Interview with a Craftsman


I’ve been writing Honeycode for four years now. I started this blog as a way of sharing behind-the-scenes information about my career in advertising.

My blog has become a place where I enjoy expressing my opinion on topics that interest me, and it’s also allowed me to meet some incredibly talented people in the industry.

I’ve done my best to keep this blog looking fresh and up-to-date. I hope you enjoy it!

I’m sure you’ve heard the term “creative,” but I think you might be mistaken what that means. There are a bunch of different disciplines in advertising, and one of them is called “Creative,” and that’s the group (usually two people, but not always) who come up with the ideas that we sell to clients.

You could be an art director or a copywriter, which are the two core disciplines for coming up with ads. You could also be a creative director, which is basically managing the creative department of an agency. Or you could be a strategist, which is a separate discipline that has more to do with planning how we’re going to reach your target audience, rather than how we’re going to talk to him/her.

That said, all those disciplines are kind of combined in one person if you’re working at a small agency or as a freelancer. If you want to get into advertising as a freelancer or help build up a small agency, you should probably start off by being an art director and copywriter in one person.

I started my career in advertising when I was 23 years old. I had just graduated from university and landed a job as a copywriter at a big agency in London.

My first day on the job was overwhelming and exciting. There were so many opportunities to learn new skills and make interesting projects. I was also thrilled to meet people who worked for some of the best brands in the world.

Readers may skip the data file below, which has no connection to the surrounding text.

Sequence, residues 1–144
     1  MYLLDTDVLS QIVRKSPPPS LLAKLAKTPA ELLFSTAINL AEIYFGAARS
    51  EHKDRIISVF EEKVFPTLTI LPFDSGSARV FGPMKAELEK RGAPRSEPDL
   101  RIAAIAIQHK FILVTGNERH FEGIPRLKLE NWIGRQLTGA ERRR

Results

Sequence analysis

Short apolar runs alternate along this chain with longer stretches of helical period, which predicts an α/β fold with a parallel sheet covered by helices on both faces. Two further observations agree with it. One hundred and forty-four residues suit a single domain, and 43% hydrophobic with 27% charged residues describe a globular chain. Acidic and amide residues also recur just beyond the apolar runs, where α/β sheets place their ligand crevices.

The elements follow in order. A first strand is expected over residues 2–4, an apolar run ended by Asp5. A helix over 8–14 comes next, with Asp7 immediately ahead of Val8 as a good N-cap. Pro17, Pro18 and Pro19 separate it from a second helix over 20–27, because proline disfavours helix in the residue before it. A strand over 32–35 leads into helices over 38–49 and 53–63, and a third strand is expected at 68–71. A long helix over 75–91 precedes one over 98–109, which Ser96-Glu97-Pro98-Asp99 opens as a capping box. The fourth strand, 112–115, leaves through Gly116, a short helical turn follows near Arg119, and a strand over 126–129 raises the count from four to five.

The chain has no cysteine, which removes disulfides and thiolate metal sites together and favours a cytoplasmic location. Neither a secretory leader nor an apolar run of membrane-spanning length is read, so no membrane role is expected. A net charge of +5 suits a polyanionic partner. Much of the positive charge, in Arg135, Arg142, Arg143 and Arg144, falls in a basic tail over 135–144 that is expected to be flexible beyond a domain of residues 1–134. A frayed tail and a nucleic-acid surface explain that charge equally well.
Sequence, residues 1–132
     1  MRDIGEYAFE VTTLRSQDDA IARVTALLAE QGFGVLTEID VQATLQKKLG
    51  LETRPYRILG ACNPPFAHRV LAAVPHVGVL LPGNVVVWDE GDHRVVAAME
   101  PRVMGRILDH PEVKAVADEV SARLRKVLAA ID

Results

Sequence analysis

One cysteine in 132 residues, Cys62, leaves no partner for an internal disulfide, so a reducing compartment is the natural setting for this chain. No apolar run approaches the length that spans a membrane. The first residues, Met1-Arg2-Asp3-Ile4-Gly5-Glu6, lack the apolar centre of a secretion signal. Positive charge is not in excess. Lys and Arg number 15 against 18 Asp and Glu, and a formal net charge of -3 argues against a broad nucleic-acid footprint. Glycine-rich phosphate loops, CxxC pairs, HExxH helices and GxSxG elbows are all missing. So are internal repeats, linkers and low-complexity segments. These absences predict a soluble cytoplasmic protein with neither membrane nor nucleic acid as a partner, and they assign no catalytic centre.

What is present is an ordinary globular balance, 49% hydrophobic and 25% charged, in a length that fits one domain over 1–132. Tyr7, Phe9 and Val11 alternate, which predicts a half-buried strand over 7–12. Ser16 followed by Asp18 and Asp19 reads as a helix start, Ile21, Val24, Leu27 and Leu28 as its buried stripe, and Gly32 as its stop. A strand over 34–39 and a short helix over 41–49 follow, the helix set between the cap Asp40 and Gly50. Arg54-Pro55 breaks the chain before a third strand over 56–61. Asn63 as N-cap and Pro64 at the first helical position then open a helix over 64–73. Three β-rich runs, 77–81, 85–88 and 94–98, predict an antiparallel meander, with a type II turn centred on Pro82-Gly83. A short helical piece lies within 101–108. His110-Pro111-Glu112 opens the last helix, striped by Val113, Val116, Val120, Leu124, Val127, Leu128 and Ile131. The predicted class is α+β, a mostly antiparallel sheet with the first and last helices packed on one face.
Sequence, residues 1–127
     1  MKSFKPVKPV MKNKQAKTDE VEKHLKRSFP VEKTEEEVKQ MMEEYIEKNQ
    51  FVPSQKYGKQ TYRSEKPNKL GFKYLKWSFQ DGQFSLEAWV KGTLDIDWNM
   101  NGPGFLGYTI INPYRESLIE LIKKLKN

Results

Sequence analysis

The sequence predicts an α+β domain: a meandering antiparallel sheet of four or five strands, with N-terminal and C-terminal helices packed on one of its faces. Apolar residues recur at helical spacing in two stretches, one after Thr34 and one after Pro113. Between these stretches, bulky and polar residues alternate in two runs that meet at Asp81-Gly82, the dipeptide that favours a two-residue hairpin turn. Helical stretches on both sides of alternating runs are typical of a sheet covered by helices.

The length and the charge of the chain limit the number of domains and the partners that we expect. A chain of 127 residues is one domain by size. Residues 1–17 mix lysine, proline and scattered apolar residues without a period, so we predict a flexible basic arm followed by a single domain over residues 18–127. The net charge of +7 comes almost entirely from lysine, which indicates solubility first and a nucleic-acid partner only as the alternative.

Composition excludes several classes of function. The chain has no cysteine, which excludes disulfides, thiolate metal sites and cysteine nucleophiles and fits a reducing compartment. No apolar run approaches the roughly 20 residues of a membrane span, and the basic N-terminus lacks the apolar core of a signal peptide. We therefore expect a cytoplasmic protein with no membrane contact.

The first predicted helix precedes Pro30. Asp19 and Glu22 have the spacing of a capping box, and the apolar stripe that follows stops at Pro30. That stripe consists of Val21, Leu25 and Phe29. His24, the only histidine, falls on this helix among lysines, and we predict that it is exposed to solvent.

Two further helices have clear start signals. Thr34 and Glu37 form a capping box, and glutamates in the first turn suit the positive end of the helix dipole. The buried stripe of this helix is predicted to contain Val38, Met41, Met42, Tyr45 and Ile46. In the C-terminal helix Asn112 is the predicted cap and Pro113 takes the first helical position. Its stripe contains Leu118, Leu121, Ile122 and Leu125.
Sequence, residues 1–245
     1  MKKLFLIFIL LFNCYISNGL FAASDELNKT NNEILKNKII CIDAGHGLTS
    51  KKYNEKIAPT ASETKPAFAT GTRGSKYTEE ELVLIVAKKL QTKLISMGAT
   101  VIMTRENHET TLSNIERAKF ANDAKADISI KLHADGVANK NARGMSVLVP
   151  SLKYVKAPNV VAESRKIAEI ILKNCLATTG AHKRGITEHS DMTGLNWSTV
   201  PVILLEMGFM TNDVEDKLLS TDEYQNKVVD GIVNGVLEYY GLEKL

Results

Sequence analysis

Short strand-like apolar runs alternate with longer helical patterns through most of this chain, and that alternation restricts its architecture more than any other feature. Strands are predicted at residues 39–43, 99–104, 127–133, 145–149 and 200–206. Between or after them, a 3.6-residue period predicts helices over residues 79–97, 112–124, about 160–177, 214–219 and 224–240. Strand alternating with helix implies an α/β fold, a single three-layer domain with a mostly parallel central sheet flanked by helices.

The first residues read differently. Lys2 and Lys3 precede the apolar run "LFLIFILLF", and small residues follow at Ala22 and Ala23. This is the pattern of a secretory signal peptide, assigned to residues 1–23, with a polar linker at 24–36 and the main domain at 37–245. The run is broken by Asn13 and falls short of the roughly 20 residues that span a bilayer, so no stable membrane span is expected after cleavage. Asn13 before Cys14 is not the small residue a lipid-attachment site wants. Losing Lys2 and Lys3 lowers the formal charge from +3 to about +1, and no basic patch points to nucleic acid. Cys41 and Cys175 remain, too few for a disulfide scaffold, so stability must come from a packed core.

The first thing that struck me was how experienced everyone around me seemed. Everyone was in their mid-30s, while I was only 23 at the time. It felt like I didn’t belong there, but after a few weeks, I got used to it.

Next, I was impressed by how many things people knew about the brands they were working on, even though they had never worked with them before. It felt like they had lived and breathed those brands for years and knew everything there is to know about them.

Finally, I noticed how fast people worked and how many projects they could work on at the same time without getting burned out or stressed out.

I wanted to have all those things too: experience, knowledge of the industry and speed of delivery. But there were two problems:

1) I wasn’t as experienced as everyone else

I am a digital craftsman, I have been working as a designer in the advertising industry for more than 10 years.

I realized that even though I worked with some amazing creative people, there was something missing from my job. It was like we were consistently designing beautiful products that no one wanted to buy.

Maybe it was because I had this entrepreneurial itch, but I wanted to build my own products and services that people actually want to buy. So I decided to quit my job and start working on the side project called Honeycode.

I will do my best to share everything I learn along the way — everything from marketing and design tips, to resources that have helped me get started with product development.

I am not sure if this is the right place to ask but I have a question regarding the emails.